June 2, 2017 – ¡Vámonos!
 

Day: June 2, 2017

The other book I purchased at Foyles belongs to the series Sabelotodo which translates as Knowitall or Smartypants.

I was torn between two books, this one and one about dinosaurs. In the end I chose this one as the other book I bought was about dinosaurs. You can see a couple of images from the dinosaur one at the bottom of the post.

I liked this series as it’s very child friendly with bright images and short chunks of information on a theme for each double page spread along with a ¿Sabías que…? strip of interesting facts. The pictures draw you in and contain such great incidental language; I particularly like the exclamations at the gladiator fight!

Así eran los Romanos covers Roman life, society, the army, Roman inventions such as the baths, food, Roman emperors and Roman gods. 

I’m sure that it would be well read if I were to lend it to Y4 – particularly as we have a bulge year with 3 instead of 2 classes at one of my schools! I wonder how long it would take them to find these interesting facts…

Y4 study the Romans at both my schools and I developed a whole unit linking their Spanish with the topic several years ago. I was sure I’d shared it but it seems I was mistaken; I shared (at length!) about The Egyptians

However I do have a lot of my ‘finds’ bookmarked on a Pinterest board – https://www.pinterest.com/lisibo/spanish-romans/ – many of which I’ve used in class. I particularly like the resources on icarito.cl including the image below that learners used to label a Roman. There are similar diagrams for roads and Roman army camps.

http://www.icarito.cl/2009/12/como-se-vestian-los-romanos.shtml/

The lolly stick problem was also very popular with learners who puzzled over it for ages! And finally, here’s a worksheet I made to compare Spanish French Latin and Roman numerals.

worksheet-LAT-SP-FR-ROM-NUMBERS-1-31

Anyone tried any Roman activities? Do share them in the comments!

 

 

On my trip to London on Tuesday I paid a flying visit to the fourth floor of Foyles where all the language books are found. Although I was limited in the time I could spend there – 25 minutes! – and I imposed a spending limit on myself too, I still managed to come away with a couple of books.

Mi dragón y yo is a very simple book about a boy who doesn’t want an ordinary pet and dreams of having a dragon. He sets out to explain what kind of dragon he would like. He talks about what it would not be like first before saying all the things it would be able to do, all the things he’d do with it and how he would train it. It’s written in the conditional
– me gustaría, tendría, le daría, le enseñaría – but I don’t see that as a problem as the illustrations make it clear, and in fact the conditional is sometimes easier to decode as the infinitive that you’d look up in the dictionary is easier to identify (usually!)

 


It’s a great book to read as part of a topic on pets and could lead to pupils rewriting the story

Algunos niños quieren un perro. A otros les gustaría un gato. Yo quiero….” inserting their own animal before going on to describe it:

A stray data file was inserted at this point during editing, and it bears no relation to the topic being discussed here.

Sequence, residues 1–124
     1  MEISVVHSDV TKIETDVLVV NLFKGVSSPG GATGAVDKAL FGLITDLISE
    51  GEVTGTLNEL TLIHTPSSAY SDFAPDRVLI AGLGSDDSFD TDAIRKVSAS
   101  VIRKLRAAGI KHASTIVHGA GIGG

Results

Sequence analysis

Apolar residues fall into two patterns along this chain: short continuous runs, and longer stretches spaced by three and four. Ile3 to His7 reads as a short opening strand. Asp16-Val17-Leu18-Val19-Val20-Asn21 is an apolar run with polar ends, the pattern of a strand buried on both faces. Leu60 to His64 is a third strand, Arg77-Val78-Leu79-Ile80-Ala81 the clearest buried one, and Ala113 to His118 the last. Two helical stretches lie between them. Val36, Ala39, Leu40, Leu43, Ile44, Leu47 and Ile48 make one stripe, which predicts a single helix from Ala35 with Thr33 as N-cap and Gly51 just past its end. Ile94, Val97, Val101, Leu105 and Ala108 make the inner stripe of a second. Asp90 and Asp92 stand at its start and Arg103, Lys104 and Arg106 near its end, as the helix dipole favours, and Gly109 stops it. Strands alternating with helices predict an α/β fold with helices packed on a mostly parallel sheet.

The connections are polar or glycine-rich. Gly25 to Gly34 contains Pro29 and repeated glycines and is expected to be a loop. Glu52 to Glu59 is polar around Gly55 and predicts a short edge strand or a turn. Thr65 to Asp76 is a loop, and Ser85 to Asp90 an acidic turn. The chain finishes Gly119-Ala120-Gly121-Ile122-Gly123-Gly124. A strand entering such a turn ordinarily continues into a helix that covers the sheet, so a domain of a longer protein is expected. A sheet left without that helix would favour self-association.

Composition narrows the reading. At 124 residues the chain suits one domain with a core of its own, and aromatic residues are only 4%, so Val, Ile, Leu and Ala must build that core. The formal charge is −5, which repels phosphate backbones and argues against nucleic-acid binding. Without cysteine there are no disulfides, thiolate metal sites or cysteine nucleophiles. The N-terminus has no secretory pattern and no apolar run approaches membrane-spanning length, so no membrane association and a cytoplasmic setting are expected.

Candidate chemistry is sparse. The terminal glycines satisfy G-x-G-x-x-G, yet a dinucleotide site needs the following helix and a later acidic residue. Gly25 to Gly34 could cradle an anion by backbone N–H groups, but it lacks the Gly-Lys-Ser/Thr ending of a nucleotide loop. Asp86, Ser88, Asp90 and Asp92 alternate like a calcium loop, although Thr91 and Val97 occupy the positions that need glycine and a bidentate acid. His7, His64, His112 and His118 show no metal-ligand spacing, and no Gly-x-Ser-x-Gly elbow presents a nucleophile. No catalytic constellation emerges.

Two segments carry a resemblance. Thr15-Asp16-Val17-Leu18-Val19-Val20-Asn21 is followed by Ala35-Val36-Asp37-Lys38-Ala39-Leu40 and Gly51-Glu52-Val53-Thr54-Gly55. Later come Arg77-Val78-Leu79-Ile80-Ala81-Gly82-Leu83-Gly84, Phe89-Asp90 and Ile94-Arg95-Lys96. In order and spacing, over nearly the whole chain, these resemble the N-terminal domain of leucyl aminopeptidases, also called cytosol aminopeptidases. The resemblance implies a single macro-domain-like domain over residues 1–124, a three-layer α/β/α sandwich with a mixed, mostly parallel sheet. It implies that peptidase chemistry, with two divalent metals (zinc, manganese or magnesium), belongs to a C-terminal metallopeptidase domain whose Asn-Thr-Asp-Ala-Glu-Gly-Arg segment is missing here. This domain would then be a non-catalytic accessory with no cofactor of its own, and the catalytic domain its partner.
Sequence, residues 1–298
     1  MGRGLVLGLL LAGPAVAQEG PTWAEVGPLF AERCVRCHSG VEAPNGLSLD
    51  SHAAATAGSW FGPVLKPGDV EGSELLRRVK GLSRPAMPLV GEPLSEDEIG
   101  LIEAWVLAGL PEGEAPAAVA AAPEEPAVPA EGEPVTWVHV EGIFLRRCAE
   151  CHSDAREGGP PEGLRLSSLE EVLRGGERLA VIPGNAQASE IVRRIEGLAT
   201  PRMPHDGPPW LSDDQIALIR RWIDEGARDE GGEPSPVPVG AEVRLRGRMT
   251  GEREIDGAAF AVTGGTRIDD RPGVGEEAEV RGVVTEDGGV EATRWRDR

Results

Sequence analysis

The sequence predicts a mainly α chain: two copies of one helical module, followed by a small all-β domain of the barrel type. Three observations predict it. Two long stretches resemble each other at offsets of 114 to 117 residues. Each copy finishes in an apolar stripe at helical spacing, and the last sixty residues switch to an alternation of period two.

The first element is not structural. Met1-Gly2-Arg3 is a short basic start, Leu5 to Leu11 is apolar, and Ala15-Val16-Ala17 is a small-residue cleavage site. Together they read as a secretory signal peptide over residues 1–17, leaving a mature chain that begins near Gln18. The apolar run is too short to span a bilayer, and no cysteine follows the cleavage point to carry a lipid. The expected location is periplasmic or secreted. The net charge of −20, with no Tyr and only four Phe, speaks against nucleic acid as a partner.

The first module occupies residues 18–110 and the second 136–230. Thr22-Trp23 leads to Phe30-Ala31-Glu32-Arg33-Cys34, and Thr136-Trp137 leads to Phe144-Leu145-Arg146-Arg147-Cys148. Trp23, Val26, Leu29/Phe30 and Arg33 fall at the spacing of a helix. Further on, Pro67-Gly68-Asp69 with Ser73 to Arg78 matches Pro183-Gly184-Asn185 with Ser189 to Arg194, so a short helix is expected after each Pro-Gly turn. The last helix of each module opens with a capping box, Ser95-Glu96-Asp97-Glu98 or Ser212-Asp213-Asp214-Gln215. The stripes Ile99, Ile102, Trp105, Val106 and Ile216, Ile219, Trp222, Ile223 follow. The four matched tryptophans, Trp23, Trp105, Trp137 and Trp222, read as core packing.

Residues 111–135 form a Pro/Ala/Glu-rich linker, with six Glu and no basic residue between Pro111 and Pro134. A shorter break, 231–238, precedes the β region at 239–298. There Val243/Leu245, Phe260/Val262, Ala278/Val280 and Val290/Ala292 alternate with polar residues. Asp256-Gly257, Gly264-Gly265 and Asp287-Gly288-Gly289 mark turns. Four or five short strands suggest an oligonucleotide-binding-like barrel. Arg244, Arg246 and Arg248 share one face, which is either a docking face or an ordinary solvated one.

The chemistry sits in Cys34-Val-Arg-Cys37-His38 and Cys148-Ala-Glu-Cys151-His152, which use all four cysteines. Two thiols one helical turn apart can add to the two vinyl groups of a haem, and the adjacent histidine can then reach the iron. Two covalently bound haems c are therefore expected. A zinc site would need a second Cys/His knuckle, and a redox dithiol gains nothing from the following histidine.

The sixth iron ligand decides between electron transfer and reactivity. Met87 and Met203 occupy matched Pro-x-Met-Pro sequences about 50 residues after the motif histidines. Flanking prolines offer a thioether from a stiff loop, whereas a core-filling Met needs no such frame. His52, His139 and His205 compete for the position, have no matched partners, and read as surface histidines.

Sería ………. – It would be ………. This could be colour and character.

Tendría……….. – It would have …………… Here they would describe the pet; a tail? a big head?

Le daría el nombre …..  – I’d call it……

Le enseñaría a …. – I’d teach it to….. Add some verb infinitives

Le compraría … – I’d buy it ….. Clothes? Food? Toys?

Comería… y bebería……. – It would eat…. and drink ………..

Viviría …………. – It would live….

and so on.

Very simple and easily done with some dictionary skills and a bit of imagination, and easy to extend with some conjunctions, negatives and so on.

For younger learners you might just read the story and invite them to draw or colour their own dragon then describe it orally using colours and size or in written form by labelling it or filling in a gapped sentence. Here are some dragon templates you might use:

There are lots of other dragon ideas and resources around.

In a quick search I found many other dragon stories including several on Youtube. I’ve pinned a lot of them onto a Pinterest board Dragons but a few highlights are below:

Ramón el Dragón is a lovely song about a dragon called Ramón (obviously). It rhymes and has a very simple chorus, telling the story of Ramón’s very simple life. You can see the lyrics on screen but can read it as a class poem using the lyric sheets here.

And I like this story about El cumpleaños del dragón as it is simple, is in Spanish with English subtitles and has a message about having tantrums!

And if you’re looking for a story to read that has a message, I liked El dragón que escupía chocolate. And Nattalingo recommends El dragón frío on her blog.

There are lots of ideas too; Janet Lloyd’s Primary Languages Network shared some excellent ideas based around How to train my dragon for world Book Day last year. Erzsi Culshaw shared some clothes peg dragons to celebrate San Jordi. And Ruth Kidd has shared some lovely French triaramas of her Y5s describing dragons on the Languages in Primary School group. In fact, if you search ‘dragon’ on LiPS you’ll find several more ideas!

Hope you found that helpful. It certainly kept me occupied during a rainstorm!

Oh, and I almost forgot! I saw another book that I was really tempted to buy. It’s a lift the flap book about dinosaur poo! Perhaps another time…

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